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A recognized expert in her field, Dr. Zoldbrod's work featured recently by the American Psychological Association

and featured on That Relationship Show Podcast

Boston Sex Therapy Deals with the Reality of Infertility
Posted on October 16, 2014 by Aline Zoldbrod

By Aline Zoldbrod Ph.D.

Going through the experience of infertility is one of life’s greatest stresses. Unfortunately, just as you are going through this terrible situation with your spouse and need to feel close, your sexual intimacy is affected by the trauma of the fertility problems you are facing.

Life is so ironic! You fell in love with your spouse. Life was good. Life was sweet. Sex was great. You (finally!) felt enough attachment, love, and commitment to another person to want to make a baby as an expression of that love. Sex was especially wonderful too, in the beginning, when you were looking forward to creating a child who was the direct expression of your love for each other.

But when that sexual passion didn’t lead to a baby, sex changed. Infertility brings with it great anxiety, grief and depression, and an obsession with the mechanics of creating a child that sucks the pleasure out of the sex act.

The world itself begins to feel hostile. Everyone else seems to be pregnant or have a baby. Joint and individual activities that used to bring pleasure feel meaningless, as you get on a medical merry-go-round of tests and office visits and “assisted reproduction.” Life, day to day planning, begins to center around medical treatment.

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Often, the stresses of infertility for men and women are different, and they can drive the two of you apart sexually and emotionally.

Women quickly feel personally inadequate, because the social role of “mother” isn’t really optional in our society. Women may feel defective, angry, and jealous of others. Sometimes men don’t understand the strength of their wives’ reactions. Research has shown that typically, it takes men three years of infertility to get upset. (The major social role for men is “worker,” not father. In fact, men who are devastated by infertility often feel more socially isolated than women, since men usually do not sit around and have discussions about how painful it is not to be able to father.)

The sexual stresses for women are huge. No matter who has the fertility problem, biologically, the battle to fight it is fought in the woman’s body, with pills, procedures and surgery that can lead a woman to bad associations with sex, her body in general, or specifically with her pelvis and reproductive organs.

Many times, for women, the grief over infertility means sex is the farthest thing from her mind. Depression is no friend to passion, after all. And even if you want to have non-procreative sex, it’s harder to enjoy now. For women, infertility or not, sexual pleasure takes sexual focus. Part of arousal involves focusing on your body in general, and on your sexual organs and pelvis specifically. If you’re angry with your body for not cooperating, it’s harder to keep your erotic focus.

And sex has its own stresses for men, whether or not they are the infertile partner. For men who are fertile, the pressure to be a “sperm machine” and their wives’ disinterest in passionate sex can make sex feel alienating and create feelings of being unloved.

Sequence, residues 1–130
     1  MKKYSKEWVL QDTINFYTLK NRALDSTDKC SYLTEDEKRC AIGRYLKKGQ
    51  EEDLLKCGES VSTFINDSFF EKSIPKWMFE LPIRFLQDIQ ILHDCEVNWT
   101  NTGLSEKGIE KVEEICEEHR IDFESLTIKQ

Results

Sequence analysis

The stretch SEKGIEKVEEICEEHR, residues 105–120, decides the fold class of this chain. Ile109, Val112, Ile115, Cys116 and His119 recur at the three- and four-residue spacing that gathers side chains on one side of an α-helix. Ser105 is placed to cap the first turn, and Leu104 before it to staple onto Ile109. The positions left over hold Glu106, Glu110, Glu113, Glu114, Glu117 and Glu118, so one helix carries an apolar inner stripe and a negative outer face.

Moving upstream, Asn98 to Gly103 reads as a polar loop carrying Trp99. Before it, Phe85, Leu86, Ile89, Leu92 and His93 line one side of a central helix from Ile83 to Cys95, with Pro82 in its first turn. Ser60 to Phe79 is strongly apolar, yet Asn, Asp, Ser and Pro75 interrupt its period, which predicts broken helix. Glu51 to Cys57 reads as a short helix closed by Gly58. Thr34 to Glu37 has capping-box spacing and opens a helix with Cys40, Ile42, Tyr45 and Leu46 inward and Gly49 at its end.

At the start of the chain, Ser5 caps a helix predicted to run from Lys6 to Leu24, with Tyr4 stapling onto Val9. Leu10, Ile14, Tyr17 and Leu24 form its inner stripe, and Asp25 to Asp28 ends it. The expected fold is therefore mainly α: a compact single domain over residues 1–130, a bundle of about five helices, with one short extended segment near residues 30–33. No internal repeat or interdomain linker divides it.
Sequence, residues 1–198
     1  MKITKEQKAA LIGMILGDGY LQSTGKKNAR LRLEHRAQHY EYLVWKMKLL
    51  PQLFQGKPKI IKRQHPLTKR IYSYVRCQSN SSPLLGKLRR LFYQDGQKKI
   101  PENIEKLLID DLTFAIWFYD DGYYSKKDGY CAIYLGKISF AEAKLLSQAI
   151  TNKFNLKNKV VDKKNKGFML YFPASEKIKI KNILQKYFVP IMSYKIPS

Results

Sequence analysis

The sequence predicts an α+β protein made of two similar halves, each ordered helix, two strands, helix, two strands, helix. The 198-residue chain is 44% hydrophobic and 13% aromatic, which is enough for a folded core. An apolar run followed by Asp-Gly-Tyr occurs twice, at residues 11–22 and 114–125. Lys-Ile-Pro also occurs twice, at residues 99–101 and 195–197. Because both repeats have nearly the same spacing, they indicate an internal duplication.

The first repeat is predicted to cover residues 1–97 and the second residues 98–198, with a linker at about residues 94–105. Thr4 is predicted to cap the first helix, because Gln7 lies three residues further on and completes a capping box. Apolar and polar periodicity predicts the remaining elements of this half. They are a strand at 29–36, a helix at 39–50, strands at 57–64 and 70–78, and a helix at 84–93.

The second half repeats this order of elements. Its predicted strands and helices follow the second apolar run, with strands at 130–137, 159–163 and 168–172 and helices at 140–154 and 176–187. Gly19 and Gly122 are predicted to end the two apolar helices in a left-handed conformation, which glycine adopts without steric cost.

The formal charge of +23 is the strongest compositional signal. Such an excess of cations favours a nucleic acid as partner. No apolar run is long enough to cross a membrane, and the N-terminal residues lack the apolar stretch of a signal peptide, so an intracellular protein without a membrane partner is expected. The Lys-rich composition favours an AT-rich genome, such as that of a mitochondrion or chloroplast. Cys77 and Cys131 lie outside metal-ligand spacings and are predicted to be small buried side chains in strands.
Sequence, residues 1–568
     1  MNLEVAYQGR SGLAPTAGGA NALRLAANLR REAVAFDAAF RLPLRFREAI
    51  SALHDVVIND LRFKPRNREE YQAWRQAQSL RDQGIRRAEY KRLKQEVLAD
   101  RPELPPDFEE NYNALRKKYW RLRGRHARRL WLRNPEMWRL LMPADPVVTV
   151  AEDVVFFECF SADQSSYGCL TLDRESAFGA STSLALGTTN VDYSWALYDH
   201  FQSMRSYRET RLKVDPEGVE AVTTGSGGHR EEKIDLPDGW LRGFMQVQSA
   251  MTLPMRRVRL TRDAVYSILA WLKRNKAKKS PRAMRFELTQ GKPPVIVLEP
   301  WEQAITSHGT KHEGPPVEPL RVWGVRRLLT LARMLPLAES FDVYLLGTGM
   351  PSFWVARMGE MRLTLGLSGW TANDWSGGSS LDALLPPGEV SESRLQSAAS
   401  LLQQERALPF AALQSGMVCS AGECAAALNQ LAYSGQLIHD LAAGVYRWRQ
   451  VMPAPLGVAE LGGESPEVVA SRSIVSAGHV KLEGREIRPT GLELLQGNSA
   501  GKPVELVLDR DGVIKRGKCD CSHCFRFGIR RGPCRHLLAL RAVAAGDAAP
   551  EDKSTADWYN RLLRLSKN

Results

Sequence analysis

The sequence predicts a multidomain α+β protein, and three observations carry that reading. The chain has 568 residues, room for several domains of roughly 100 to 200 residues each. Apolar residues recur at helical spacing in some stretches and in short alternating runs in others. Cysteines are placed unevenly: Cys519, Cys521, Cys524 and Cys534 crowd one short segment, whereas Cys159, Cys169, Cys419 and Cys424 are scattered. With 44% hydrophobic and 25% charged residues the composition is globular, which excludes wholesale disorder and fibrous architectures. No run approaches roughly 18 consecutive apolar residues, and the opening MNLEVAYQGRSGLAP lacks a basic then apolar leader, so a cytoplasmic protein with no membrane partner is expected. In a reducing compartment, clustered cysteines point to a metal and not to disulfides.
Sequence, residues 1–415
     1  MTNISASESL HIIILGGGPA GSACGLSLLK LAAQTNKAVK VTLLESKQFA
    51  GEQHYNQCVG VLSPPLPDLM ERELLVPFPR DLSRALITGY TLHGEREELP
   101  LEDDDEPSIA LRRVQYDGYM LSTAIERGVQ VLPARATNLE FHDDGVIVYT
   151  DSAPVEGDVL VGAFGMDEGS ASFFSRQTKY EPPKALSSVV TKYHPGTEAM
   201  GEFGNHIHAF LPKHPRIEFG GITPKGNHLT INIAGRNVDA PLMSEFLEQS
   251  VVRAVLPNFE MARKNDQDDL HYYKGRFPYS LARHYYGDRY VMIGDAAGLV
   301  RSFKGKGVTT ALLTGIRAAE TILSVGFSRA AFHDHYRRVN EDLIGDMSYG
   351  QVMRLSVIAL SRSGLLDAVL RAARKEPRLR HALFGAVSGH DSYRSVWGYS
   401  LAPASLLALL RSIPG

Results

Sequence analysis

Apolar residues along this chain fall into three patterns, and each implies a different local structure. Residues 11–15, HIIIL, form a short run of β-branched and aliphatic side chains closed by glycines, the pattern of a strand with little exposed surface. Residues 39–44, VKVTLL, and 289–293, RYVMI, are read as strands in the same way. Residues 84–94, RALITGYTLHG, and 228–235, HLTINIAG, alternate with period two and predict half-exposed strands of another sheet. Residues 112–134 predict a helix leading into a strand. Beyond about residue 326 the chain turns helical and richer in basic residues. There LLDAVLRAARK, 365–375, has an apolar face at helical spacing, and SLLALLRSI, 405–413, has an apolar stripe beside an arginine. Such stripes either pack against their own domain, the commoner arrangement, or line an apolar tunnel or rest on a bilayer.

Despite the myths, men do not function like sexual machines. They need to feel tenderness and connection to their wives, if not to get erections, then to feel sexual and emotional pleasure. Women, if your man is not having trouble obtaining erections, that does not mean that he is undisturbed about the sexual demands being placed upon him by infertility treatment! Having sex when there is no desire is anything but pleasurable. Even when they’re not yet upset about the infertility, husbands are frustrated and saddened by their wives’ emotional pain and any accompanying emotional unavailability.

Infertility causes some men to have disturbing changes in their body imagery and sexual imagery, even when the medical problem lies in their wife! Men report intrusive negative imagery about being judged during intercourse, they dread being teased by other men about being sexual “duds” and they have fears that somehow part of the medical problem is hidden within their body, too.

Men with male-factor infertility, and men with other pre-existing wounds to their sexual self- image, feel the most difficult sexual feelings. Infertile men can have spontaneous negative visual imagery: “I’m making Martian sperm” or ” I see my sperm, trapped helplessly by the gunk” (sperm antibodies). The feelings of being defective are devastating, yet too personal and disturbing for most men to acknowledge or discuss with their partners, friends, or medical professionals like a Boston sex therapist. The knowledge that one’s sperm is unlikely or unable to make a baby may make having sex seem upsetting or pointless.

So the challenges of continuing your sexual connection during infertility are intense. But you can learn how to maintain your sexual connection. Part Two, Revitalize Your Sex Life, will show you how.

Aline Zoldbrod Ph.D. is a Boston based sex therapist and psychologist and the author of the award winning book SexSmart: How Your Childhood Shaped Your Sexual Life and What to Do About It (1998). You can find out more about getting help for infertility at

A recognized expert in her field, Dr. Zoldbrod's work featured recently by the American Psychological Association

and featured on That Relationship Show Podcast

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Dr. Aline Zoldbrod is a licensed psychologist and Boston sex therapy practitioner, seasoned sex therapist, teacher and trainer in sexuality, and author of multiple books on sexuality.

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